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I was trying to figure out if ActiveRecord caches model instances within a transaction (or even within a request) so I ran the following code and was surprised what I saw:

User.transaction do
    u1 = User.find(1)
    u2 = User.find(1)
    puts u1.eql?(u2) # outputs true, this means they are the same instance
    puts # outputs '' = 'foo' # change the email, should change on u1 and u2

    puts # outputs 'foo'
    puts # outputs '' # how can the values be different if u1 and u2 are the same instance?

Isn't .eql? in Ruby supposed to evaluate instance equality? What gives? Does ActiveRecord override this method? How can my two references point to the same instance and have different values?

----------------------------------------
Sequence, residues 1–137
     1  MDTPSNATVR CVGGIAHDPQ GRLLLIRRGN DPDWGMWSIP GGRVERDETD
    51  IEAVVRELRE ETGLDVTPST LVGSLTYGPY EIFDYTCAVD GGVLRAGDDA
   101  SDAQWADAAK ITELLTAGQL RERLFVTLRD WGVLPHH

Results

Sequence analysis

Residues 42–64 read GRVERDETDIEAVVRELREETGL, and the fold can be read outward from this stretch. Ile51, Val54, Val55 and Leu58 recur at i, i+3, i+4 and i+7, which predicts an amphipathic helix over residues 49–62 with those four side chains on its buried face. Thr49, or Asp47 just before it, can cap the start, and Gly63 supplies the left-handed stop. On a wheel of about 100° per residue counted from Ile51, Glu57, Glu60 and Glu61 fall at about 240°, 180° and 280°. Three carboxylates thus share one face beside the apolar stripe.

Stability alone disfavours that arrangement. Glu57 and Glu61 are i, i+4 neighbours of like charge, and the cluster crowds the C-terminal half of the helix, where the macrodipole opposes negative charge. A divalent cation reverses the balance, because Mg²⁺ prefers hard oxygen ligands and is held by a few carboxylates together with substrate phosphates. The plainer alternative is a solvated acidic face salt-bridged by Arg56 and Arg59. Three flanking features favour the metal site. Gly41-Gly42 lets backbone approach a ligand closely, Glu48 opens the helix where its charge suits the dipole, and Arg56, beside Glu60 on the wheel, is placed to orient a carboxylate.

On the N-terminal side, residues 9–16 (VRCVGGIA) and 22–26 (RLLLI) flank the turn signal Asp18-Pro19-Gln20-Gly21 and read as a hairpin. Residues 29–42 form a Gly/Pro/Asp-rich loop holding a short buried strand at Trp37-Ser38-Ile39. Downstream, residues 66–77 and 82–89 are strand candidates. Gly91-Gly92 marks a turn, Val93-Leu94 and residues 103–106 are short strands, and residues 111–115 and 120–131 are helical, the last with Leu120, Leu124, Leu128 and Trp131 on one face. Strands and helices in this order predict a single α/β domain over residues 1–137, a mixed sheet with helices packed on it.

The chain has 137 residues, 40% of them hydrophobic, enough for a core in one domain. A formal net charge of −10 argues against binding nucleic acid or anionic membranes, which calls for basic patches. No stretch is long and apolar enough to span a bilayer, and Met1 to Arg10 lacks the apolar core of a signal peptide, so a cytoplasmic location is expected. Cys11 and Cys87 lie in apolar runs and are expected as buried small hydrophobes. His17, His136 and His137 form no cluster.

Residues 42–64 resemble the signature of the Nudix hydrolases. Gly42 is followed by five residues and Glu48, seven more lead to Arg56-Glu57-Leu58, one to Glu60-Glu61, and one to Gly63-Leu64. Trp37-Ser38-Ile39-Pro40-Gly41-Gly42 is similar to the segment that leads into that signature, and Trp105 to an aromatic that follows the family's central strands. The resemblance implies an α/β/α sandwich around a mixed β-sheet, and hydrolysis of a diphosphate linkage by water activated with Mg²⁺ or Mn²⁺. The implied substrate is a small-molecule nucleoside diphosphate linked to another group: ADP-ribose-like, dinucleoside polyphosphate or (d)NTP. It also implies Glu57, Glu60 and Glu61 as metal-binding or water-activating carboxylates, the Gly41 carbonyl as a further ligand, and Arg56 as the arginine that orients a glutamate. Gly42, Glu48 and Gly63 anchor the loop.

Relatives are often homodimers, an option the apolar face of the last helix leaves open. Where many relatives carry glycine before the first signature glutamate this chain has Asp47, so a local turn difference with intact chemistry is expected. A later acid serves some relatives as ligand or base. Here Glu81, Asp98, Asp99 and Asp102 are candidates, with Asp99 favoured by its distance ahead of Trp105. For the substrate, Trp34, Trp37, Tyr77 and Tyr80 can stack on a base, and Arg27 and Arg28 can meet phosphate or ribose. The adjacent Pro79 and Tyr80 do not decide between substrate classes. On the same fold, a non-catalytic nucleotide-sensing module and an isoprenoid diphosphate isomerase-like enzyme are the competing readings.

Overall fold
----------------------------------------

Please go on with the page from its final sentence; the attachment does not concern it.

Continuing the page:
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up vote 3 down vote accepted

It sounds like you're thinking of .equal? From

Unlike ==, the equal? method should never be overridden by subclasses as it is used to determine object identity (that is, a.equal?(b) if and only if a is the same object as b):


The eql? method returns true if obj and other refer to the same hash key. This is used by Hash to test members for equality. For objects of class Object, eql? is synonymous with ==.

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Here's another SO article that answers the question:… – robyoder Nov 16 '13 at 5:03
You're totally right. Thanks! I shouldn't be programming this late... So basically it looks like activerecord doesn't cache model instances at all? That's an interesting difference from Hibernate in the java world, which maintains a session cache, and will only read one instance of a given record per session. – mockaroodev Nov 16 '13 at 5:03

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